EdNews Parent Expert Karla Scornavacco responds:
Q. How can I best prepare for a conference with my child’s teacher?
A. First, talk to your child about his experiences in the classroom. Do his grades reflect how much effort he puts into his school work? What are some things the teacher does that you wish she did even more often? What’s one thing that the teacher doesn’t know about you that you wish that s/he did? Then, prepare your agenda, while considering your child’s input and these points:
- Progress: What have you noticed my child getting better at? How is he or she doing compared to the rest of the class? Is he or she performing at grade level (and how do you determine what it means to be “at grade level”)?
- Social Learning: Is my child confident and friendly with other children? Does my child work best in a large or small group? Reading: What reading skills are stressed in your class? At this school? How do you present reading assignments to all the students? What is my child expected to do? If there was one thing you wanted me to work on with my child at home in regards to reading, what would it be?
- Writing: What writing skills are stressed in your class? At this school? What is my child expected to do in terms of sharing her ideas, organizing her thoughts, writing clearly for an audience, following the rules of grammar?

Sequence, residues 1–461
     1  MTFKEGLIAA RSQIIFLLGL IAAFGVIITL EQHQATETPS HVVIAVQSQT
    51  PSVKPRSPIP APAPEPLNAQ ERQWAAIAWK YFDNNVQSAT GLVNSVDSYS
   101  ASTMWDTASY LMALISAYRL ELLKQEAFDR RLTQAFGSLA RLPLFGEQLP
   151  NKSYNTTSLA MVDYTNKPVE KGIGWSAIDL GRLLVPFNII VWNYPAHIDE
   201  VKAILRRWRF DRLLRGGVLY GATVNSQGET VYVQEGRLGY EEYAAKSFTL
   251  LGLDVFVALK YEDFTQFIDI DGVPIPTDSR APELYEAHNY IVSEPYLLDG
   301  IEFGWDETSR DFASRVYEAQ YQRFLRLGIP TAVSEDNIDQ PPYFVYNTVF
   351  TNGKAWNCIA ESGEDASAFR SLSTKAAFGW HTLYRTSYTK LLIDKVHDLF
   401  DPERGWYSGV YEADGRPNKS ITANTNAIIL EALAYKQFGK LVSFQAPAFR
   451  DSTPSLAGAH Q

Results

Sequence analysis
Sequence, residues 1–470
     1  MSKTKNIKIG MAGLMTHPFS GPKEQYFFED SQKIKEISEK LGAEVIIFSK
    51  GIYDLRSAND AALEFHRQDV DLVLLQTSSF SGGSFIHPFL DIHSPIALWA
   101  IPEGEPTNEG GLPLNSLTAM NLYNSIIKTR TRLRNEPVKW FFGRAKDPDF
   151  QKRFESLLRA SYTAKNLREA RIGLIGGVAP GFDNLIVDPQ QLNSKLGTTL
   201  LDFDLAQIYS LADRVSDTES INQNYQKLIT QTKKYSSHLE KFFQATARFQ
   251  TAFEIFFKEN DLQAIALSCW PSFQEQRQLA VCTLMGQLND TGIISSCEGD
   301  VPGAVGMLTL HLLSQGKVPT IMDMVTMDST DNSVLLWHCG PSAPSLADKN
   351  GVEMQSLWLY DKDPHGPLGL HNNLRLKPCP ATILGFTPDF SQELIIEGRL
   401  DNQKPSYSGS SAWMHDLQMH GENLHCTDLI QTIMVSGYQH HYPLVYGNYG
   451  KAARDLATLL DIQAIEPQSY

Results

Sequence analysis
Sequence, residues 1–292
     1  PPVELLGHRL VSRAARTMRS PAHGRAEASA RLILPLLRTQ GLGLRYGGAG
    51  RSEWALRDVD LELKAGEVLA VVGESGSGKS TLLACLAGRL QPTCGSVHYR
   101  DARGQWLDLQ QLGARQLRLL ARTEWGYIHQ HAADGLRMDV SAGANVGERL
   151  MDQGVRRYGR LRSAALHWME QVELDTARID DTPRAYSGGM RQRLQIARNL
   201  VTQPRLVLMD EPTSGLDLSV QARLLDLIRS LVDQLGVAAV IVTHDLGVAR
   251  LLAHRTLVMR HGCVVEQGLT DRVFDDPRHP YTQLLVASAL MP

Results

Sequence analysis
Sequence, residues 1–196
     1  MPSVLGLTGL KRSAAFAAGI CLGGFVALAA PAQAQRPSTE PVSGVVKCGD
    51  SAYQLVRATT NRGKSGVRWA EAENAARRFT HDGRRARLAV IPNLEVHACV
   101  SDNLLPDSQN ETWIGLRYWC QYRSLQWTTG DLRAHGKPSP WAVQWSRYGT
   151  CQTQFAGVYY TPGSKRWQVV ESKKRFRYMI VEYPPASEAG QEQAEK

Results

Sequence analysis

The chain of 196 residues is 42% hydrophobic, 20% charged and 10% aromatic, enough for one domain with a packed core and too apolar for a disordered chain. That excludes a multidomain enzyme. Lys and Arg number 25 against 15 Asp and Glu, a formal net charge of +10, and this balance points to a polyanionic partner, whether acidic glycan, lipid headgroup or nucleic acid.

- Strengths & Interests: Tell the teacher what you think your child is good at, and back this up with a story or example. Also, mention one to three of your child’s core interests to help the teacher understand your child better.
Now, go through the list and circle your favorites and make sure to ask those first. As far as the conference itself, it should go without saying that you need to arrive on time and plan to end on time. It may help to set a silent timer such as the vibration mode on your cell phone to five minutes prior to the scheduled end of the conference.
Listen actively, and show that you are doing so (e.g. “is what I hear you saying….?” “This sounds like something important”). Use “I” statements (e.g. “I just wish there was something more we could do;” “I’m convinced there’s another way to go about this;” “I’d like to help”). Lastly, always feel free to ask for clarification.
Plan out the next steps. Write down things that you and the teacher will do to support your child. Helpful things to write down include: what you (and the teacher!) will do; how often you will do these things; and a possible date for another check-in. Most of all, remember to involve your child in next steps.
The end of the conference is also a good time to ask your child’s teacher his/her preferred mode of communication. At that time, share your preferences for communication as well. Communication goes two ways!
Finally, it can’t hurt to offer some praise and recognition to the teacher. It often works well to tell the teacher something specific you, or your son, like about his or her class. The descriptive praise will nestle itself in the heart and mind of the teacher, prompting him or her to do it more often.
For more information on the importance of student-parent-teacher conferences, read this post by EdNews Parent expert and retired teacher R. Kim Herrell.
About our First Person series:
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